In the 10 year period from 2004-2014, a Sherpa guide for climbing Mount Everest was about 13X more likely to die than an American soldier during the height of the Iraq war.
The average income of a Sherpa during the climbing season is around $3,000. That does not sound like much for the risk, but compared to the median income of other Nepali’s at $48/month, you can see why being a Sherpa guide is still pursued by many there despite the risks.
There are few climbers who ever attempt to scale Mount Everest that do not employ a professional Sherpa. The thought of doing so without someone who knows the weather patterns, best routes, dangers, and locations to rest, would be asking for disaster.
However, what are climbers really buying when they hire a Sherpa?
Is it just a guide?
I don’t think a guide is the real reason they pay for Sherpas.
Let me explain…
I speak often, in my blog, book, Facebook group, and other places that the key to effective copy for coaches is to play the role of the guide, not the hero.
While still true, I want to let you know what people are really paying for when they hire a Sherpa at Everest or a coach to overcome depression, is this…
People are buying CONFIDENCE.
Your role is to instill the belief that, with your help, a person can achieve more than going it alone. Many people do not turn to a coach, until they realize that the mountain before them is too large to take on themselves.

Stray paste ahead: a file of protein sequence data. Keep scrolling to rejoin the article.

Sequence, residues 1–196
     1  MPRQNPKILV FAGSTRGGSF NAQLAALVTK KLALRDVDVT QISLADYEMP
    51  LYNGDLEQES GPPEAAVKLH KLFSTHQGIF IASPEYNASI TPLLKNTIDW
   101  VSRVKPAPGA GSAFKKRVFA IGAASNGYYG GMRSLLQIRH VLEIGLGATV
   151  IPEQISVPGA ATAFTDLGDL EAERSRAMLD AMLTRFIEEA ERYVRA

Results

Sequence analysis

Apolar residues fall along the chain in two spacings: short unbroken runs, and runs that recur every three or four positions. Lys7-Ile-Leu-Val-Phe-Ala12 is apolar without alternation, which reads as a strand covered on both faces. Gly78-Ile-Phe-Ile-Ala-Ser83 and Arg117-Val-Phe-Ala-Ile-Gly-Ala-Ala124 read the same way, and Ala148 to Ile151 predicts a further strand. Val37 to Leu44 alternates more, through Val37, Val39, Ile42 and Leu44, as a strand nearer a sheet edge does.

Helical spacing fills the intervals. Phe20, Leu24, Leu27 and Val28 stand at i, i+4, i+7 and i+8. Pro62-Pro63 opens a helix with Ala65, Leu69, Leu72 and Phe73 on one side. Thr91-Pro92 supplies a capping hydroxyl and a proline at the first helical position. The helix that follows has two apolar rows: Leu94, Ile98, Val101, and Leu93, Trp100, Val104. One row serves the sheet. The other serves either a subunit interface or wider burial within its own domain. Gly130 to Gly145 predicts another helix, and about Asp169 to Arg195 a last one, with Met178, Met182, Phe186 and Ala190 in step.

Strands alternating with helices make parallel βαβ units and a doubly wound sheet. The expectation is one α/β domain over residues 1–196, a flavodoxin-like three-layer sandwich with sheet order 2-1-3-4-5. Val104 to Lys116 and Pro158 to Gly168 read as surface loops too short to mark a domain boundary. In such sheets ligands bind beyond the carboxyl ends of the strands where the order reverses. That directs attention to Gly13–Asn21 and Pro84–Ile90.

You must be able to communicate the dangers that happen to those who have tried by themselves. Then you present yourself as the guide who can get them to where they want to go.
If you are coaching a person through depressions, you would need to tell the mistakes of others who try it alone.
It could be addiction to medications, acting like they are fine, when they are really thinking of suicide, losing a marriage or a good job. Those are the mountains faced by that audience.
They need a guide.
They need confidence.
They need you.
Can you identify the mountains your market faces that are too much for many to do alone?
Can you describe how you can guide them to finally conquer this mountain in front of them?
Can you then confidently present yourself enough, so they believe you are the guide for them?
The people who have already decided they need a guide, want just that one more thing from you…
Make every one of your emails or sales pages shout that people can be confident in their decision to work with you.
It can be testimonials, case studies, a guarantee, your autobiography, or experiences.
Always remember they want confidence, but unless you are confident enough in yourself, that can never happen.
Go out there and help others conquer those mountains!
If you would like some help crafting your message of confidence, let me know. I would love to work with you. I just don’t go to Nepal to do so!
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“Your sales copy should not try to impress people with your skills, instead it should impress on them that you understand their needs.”
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